Whether through labor, or its more visible subset sexual exploitation, the trafficker has a valuable commodity that is being sold for material gain. Like any illegal commodity on the market, that product is sold through channels where someone holding a position of public authority abuses that authority to allow the violation to occur. Whether the official agrees to profit himself through the acceptance of a bribe that facilitates the abuse, or more broadly, whether the official abandons his duty to enforce the law or protect the public by turning a blind eye to a violation that inflicts injury upon a class of individuals that the official does not deem worthy of protection – the young, the old, the disabled, the poor, the uneducated, the homeless –this, my friends, is the common thread that ties all of our countries together in the perpetuation of human trafficking: abuse of public authority and the abandonment of one’s public duty.
To explain this common link, let me share with you some scenarios from around the world from my studies and my teaching. In Cyprus, for example, I met young women who were sex trafficked in brothels, they described how every two weeks they were brought to a hospital to be tested for sexually transmitted diseases. Of course, these hospital visits were not to ensure the women’s health or safety, they were simply not valuable commodities to the traffickers unless they could be sold as clean and without disease. While the traffickers drove them in vans to the back door of a hospital where doctors (doctors who had taken a Hippocratic oath to care for those to the best of their ability and judgment who seek their help) examined them to see if the trafficker’s product had been tainted, all under the watchful eye of local police officers who permitted the access to the hospital and made certain that the vans came and went with the efficiency necessary to bring the women back to the brothels to make money. The victims described the close relationship between the traffickers and the police, and as we spoke under the shade of a beautiful lemon tree, the women looked nervously over their shoulders for the police – not the traffickers – the police, who they said would return them, like property, to the traffickers if they were found.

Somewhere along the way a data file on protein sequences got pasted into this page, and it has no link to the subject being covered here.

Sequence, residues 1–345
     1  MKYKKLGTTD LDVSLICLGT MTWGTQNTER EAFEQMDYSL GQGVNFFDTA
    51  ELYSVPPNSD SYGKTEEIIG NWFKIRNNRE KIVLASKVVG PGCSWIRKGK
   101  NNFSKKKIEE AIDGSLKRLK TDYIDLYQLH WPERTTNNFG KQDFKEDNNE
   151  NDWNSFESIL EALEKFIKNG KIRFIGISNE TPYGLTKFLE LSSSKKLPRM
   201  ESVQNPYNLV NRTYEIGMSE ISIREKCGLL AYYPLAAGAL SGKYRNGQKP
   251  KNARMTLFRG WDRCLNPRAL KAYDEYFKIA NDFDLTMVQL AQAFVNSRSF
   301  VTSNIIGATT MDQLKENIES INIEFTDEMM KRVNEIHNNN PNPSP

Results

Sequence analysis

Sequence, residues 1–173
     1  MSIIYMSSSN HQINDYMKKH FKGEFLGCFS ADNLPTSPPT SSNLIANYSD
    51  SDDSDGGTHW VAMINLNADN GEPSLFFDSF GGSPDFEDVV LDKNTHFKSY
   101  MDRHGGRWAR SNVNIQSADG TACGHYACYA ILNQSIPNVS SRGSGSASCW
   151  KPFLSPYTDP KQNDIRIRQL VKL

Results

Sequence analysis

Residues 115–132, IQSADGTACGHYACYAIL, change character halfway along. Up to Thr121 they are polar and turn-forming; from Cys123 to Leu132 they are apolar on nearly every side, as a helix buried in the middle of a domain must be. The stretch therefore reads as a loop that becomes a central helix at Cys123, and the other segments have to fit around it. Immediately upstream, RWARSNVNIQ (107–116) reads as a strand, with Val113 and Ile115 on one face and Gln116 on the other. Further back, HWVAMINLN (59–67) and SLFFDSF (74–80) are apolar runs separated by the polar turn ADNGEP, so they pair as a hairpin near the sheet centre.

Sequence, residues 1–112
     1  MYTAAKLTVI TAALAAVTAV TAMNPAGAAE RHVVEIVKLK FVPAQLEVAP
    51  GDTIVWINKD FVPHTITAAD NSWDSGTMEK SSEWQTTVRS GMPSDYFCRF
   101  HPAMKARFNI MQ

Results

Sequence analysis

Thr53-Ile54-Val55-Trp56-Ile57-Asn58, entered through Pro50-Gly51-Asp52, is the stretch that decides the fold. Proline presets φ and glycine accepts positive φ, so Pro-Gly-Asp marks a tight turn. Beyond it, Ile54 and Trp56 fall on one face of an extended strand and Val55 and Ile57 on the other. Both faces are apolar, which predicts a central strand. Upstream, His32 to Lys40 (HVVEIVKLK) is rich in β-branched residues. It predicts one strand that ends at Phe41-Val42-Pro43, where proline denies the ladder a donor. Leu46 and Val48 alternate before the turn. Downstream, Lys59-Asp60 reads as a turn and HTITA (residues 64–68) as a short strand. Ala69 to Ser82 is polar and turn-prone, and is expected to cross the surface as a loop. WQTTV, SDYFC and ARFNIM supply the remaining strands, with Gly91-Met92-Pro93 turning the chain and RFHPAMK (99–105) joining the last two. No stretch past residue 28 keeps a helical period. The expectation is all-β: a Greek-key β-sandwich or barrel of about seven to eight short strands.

In Bangladesh in 2013, the world watched in horror as an entire building collapsed in the garment district, killing some 1130 garment workers, a significant percentage of them children. Yet building codes and labor laws were sacrificed in order to sell clothes at rock bottom prices to many markets in the western hemisphere. India’s laws require building inspections and prohibit child labor. Yet, the collapse of that one building in that district, just one, killed over 1000 individuals, primarily women and children earning less than $38 euro per month.